STONYBROOK—The city’s new “single-stream” recycling program that saves residents the trouble of sorting paper and jars has expanded to cover more of Jamaica Plain, and will go citywide starting in July.
In single-stream recycling, residents can mix all types of recyclable materials together. Each household gets a giant, 64-gallon wheeled cart to hold all recyclables. The recyclables are sorted at the recycling plant.
That takes the place of the current system using smaller bins for containers and paper bags for paper products. A walk down any neighborhood street on trash day shows that the current system confuses many resi-dents, and that there is a natural urge for single-stream recycling: Many people put paper recyclables into the bins along with everything else.
Single-stream began two years ago as a pilot program in JP’s Woodbourne area and part of Roslindale. The program has slowly expanded to other sections of the city. Late last month, it came to parts of JP that have Wednesday trash/recycling pick-up, including the Stonybrook neighborhood off Washington Street.
Stonybrook got a head start on the July single-stream expansion because the city had 3,000 carts in stor-age and decided to put them to use, said Susan Cascino, the recycling director for the City of Boston. The sudden switch left some residents with questions—especially whether they are required to use the giant blue carts that were dropped off by the city at their homes.
The answer is no, you aren’t forced to keep the big blue carts if you don’t want them or don’t have room for them.
“[Residents] can return them. We’ll come get them,” said Cascino, adding that the city would love to have any spare carts because the demand is high. Just call the Mayor’s Hotline at 635-4500 and the city will come pick up the cart.
But if you don’t use the city-provided cart, you have to put the recycling in a similar container: anything 32 gallons or smaller, and it must have a lid. A normal trash can fits the bill. Just remember to call the Mayor’s Hotline and request a free recycling symbol sticker to put on the container.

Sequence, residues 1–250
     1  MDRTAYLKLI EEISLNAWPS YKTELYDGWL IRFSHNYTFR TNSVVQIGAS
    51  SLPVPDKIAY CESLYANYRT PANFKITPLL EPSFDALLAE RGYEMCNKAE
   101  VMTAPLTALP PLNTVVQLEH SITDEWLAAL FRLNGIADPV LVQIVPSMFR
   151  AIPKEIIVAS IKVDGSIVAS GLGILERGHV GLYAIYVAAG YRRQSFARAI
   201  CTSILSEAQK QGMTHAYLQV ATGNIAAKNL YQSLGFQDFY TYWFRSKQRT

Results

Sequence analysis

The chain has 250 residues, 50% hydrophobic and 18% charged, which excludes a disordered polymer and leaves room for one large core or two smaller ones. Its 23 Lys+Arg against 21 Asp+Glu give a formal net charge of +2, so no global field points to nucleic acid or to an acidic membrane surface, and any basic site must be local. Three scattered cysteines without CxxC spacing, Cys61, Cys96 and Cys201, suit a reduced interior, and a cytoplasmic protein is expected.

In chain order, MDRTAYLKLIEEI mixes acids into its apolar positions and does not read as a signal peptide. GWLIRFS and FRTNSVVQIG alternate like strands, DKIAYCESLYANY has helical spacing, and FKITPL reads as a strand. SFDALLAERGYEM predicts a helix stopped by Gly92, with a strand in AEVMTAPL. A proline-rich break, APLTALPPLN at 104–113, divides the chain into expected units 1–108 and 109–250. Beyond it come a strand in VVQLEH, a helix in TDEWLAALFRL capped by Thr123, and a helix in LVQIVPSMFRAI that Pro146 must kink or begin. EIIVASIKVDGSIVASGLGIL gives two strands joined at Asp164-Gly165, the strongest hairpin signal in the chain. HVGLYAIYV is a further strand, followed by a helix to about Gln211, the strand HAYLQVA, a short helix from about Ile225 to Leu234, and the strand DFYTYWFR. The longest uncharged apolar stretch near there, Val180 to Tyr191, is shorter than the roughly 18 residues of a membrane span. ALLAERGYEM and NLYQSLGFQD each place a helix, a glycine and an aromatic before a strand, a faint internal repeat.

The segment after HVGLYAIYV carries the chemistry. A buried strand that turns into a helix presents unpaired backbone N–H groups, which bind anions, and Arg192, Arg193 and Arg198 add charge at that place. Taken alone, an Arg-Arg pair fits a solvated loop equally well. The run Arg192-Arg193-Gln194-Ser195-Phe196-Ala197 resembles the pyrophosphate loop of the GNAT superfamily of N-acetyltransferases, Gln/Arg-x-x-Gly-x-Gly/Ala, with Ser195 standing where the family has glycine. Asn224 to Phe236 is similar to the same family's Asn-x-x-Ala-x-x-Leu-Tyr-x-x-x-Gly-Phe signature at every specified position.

Residents who have single-stream recycling can no longer use the previous box-like blue bins that have no lids. Those bins let recyclables spill out, creating litter—a problem the city is trying to solve as it introduces single-stream.
The 64-gallon carts provided by the city are relatively expensive, Cascino said. But when they are com-bined with the single-stream program, they save the city money by greatly increasing the amount people recy-cle, cutting landfill and incinerator expenses, she said. About 17,000 of the carts have been distributed, with a return rate of about 2-3 percent, she said.
The 2007 single-stream pilot program resulted in a 50 percent increase in recycling (by weight) after six months over the same period in the previous year, Cascino said.
Single-stream also allows the city to accept two new types of materials for recycling. Residents with single-stream can now recycle “rigid plastics” such as toys and laundry baskets, and “spiral cans”—cardboard cans with metal tops or bottoms, such as those used by Pringles potato chips.
Residents still cannot recycle plastic bags, no matter what form of recycling they have. Food-soiled pa-per products, such as pizza boxes, also are still not acceptable.
For full information on the city’s recycling program, see www.cityofboston.gov/publicworks/recycling.